Conceptual Components of “Communication”




“Communication is the verbal interchange of thought or idea.”  John B. Hoben, “English Communication at Colgate Re-Examined.” Journal of Communication 4: 76-86, p. 77.




“Communication is the process by which we understand others and in turn endeavor to be understood by them. It is dynamic, constantly changing and shifting in response to the total situation.”  Martin Andersen.  “What is Communication?” Journal of Communication 9:5, 1959



Interaction, Relationship/Social Process:

“interaction, even on the biological level, is a kind of communication; otherwise common acts could not occur.”  George Herbert Mead.  “Mind, Self, and Society.” In Sociology, 3rd ed.  (Edited by Leonard Broom and Philip Selznik). New York: Harper and Row, 1963, p. 107.



Reduction of Uncertainty:

“Communication arises out of the need to reduce uncertainty, to act effectively, to defend or strengthen the ego.”  Dean C. Barnlund.  “Toward a Meaning-Centered Philosophy of Communication.”  Journal of Communication 12: 197-211, 1964, p. 200.




“Communication:  the transmission of information, ideas, emotions, skills, etc., by the use of symbols—words, pictures, figures, graphs, etc.  It is the act or process of transmission that is usually called communication.”  In Bernard Berelson and Gary A. Steiner.  Human Behavior.  New York: Harcourt, Brace and World, 1964, p. 254.




“… The connecting thread appears to be the idea of something’s being transferred from one thing, or person, to another.  We use the word “communication” sometimes to refer to what is so transferred, sometimes to the means by which it is transferred, sometimes to the whole process.  In many cases, what is transferred in this way continues to be shared; if I convey information to another person, it does not leave my own possession through coming into his.  Accordingly, the word “communication” acquires also the sense of participation.  It is in this sense, for example, that religious worshippers are said to communicate.” A.J. Ayer “What is Communication?”  In Studies in Communication.  Communication Research Centre, University College, London: Martin Sacker and Warburg, 1955, 11-28, p. 12.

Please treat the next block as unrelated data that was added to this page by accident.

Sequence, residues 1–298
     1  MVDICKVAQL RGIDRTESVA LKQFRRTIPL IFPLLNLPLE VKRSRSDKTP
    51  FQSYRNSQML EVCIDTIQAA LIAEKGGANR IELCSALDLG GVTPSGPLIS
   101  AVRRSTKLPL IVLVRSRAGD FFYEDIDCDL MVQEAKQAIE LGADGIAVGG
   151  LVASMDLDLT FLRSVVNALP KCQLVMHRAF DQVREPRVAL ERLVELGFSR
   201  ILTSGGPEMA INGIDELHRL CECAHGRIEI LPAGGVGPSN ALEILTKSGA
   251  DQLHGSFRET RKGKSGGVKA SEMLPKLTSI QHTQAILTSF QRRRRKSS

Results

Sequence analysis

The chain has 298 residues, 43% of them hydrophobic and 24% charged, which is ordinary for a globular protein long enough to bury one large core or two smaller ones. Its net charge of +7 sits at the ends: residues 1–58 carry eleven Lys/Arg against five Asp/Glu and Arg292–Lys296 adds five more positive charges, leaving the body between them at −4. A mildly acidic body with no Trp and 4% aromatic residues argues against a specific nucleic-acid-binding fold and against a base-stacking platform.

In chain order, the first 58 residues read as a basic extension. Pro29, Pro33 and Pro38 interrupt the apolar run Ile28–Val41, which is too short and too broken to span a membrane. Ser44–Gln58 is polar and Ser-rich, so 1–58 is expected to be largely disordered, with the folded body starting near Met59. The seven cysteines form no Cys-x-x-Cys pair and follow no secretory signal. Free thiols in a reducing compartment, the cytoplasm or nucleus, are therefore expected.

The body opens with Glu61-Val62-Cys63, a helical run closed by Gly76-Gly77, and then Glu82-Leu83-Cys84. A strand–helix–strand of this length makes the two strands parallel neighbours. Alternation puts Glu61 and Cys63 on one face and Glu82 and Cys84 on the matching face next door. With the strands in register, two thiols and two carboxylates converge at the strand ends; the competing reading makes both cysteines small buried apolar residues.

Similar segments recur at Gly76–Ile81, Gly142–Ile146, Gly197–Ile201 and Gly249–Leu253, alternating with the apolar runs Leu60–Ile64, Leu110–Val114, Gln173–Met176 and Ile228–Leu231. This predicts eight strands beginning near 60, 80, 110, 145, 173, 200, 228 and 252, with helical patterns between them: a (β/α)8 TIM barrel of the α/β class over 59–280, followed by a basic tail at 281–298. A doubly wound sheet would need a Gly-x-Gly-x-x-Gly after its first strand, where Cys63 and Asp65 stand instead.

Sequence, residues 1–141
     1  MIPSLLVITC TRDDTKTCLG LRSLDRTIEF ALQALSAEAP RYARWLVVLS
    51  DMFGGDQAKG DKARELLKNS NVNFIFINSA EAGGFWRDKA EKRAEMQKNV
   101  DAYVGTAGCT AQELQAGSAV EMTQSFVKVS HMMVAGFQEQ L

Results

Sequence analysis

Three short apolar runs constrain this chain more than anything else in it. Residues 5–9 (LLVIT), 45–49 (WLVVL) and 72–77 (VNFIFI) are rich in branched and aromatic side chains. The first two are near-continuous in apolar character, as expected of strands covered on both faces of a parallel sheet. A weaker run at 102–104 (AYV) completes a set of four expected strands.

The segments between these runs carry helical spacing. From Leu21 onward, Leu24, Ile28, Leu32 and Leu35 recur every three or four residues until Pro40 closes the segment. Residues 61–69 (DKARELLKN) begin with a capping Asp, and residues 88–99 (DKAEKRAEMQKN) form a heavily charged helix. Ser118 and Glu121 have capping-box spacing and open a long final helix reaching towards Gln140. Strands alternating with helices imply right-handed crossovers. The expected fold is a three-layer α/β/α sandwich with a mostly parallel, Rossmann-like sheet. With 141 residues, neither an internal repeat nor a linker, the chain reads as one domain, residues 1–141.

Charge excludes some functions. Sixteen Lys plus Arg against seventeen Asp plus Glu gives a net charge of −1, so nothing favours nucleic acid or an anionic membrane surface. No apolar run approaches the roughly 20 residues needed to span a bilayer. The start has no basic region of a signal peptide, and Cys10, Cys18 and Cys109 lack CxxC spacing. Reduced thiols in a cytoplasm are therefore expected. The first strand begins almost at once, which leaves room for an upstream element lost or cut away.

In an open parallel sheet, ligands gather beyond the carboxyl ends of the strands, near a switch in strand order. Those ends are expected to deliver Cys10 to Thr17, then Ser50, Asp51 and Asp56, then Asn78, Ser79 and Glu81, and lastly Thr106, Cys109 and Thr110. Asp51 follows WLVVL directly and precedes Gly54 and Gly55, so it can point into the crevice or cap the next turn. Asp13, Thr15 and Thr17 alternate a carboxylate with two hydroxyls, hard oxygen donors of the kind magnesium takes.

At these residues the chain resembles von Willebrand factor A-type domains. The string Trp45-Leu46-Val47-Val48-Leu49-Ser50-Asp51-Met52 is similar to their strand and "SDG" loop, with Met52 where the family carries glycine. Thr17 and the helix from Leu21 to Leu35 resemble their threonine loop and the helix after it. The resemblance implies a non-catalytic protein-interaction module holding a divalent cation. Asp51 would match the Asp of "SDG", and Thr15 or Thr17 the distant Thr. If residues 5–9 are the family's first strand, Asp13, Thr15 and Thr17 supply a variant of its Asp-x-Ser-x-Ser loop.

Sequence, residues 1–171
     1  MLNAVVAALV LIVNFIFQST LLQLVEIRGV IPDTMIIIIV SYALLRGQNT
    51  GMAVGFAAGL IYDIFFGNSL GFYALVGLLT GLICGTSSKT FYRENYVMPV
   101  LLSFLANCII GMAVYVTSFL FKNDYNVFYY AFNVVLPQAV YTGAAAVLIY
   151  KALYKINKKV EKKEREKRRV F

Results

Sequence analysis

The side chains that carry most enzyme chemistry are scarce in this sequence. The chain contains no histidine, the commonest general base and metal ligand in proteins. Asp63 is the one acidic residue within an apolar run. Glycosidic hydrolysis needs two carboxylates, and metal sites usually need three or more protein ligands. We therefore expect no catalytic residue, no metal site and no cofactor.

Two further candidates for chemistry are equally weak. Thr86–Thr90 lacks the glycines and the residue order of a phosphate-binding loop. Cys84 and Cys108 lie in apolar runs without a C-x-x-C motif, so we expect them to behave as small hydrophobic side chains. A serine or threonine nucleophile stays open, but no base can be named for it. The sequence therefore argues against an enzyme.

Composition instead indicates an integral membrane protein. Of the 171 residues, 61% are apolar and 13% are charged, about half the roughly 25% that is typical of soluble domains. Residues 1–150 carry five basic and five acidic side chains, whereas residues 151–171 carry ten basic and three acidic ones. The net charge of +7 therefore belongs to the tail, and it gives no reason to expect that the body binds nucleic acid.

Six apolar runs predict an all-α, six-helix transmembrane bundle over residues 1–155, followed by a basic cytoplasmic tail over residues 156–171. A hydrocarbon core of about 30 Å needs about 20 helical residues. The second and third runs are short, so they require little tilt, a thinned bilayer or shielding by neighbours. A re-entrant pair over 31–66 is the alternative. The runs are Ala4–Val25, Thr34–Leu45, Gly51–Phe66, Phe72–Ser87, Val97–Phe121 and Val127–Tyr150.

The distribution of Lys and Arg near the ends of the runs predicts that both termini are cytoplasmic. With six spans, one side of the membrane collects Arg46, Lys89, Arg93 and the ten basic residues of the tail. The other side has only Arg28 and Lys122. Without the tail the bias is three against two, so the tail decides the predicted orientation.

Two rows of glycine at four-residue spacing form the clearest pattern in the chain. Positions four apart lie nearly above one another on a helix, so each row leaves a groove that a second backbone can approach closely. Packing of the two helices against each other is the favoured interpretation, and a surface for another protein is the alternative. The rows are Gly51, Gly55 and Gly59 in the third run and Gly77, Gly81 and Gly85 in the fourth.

“Communication is the process that links discontinuous parts of the living world to one another.” Jurgen Ruesch.  ‘Technology and Social Communication.”  In Communication Theory and Research (Edited by Lee Thayer).  Springfield, III.”  Charles C. Thomas, 1957, 452-81,p. 462.




“It (communication) is a process that makes common to two or several what was the monopoly of one or some.” Alex Gode.  “What is Communication?”  Journal of Communication 9:5, 1959.




“(pl.) …the means of sending military messages, orders, etc., as by telephone, telegraph, radio, couriers.”  The American College Dictionary.  New York: Random House, 1964, p. 244.



Replicating Memories:

“Communication is the process of conducting the attention of another person for the purpose of replicating memories.”  F.A. Cartier and F.A. Harwood.  “On Definition of Communication.”  Journal of Communication 3:71-75, 1953, p. 73.



Discriminate Response/Behavior Modifying/Response/Change

“Communication is the discriminatory response of an organism to a stimulus.” S. S. Stevens.  “A Definition of Communication.” Journal of the Acoustical Society of America 22: 689-90, 1950, p. 689. “So, communication between two animals is said to occur when one animal produces a chemical or physical change in the environment (signs that influences the behavior of another…” Hubert Frings.  “Animal Communication in Communication: Concepts and Perspectives (Edited by Lee Thayer), Wash., D.C.: Spartan Books, 1967, 297-329, p. 297.




“Every communication act is viewed as a transmission of information, consisting of a discriminative stimuli, from a source to a recipient.” Theodore M. Newcomb, ‘An Approach to the Study of Communication Acts. In Communication and Culture (Edited by Alfred G. Smith).  New York:  Holt, Rinehart and Winston, 1966, 66-79, p. 66




“In the main, communication has as its central interest those behavioral situations in which a source transmits a message to a receiver(s) with conscious intent to affect the latter’s behaviors.”  Gerald A. Miller, “On Defining Communication: Another Stab.”  In Journal of Communication 16:88-98, 1966, p. 92.




“The communication process is one of transition from one structured situation-as-a-whole to another, in preferred design.” Bess Sondel, “Toward a Field Theory of Communication.” In Journal of Communication 6:147-53, 1956, p. 148.




“…communication is the mechanism by which power is exerted.”  S. Schacter.  “Deviation, Rejection, and Communication.”  In Journal of Abnormal and Social Psychology 46-190-207, 1951 p. 191.



Frank E. X. Dance, “The Concept of Communication,” Journal of Communication, 20, 1970, p. 201-210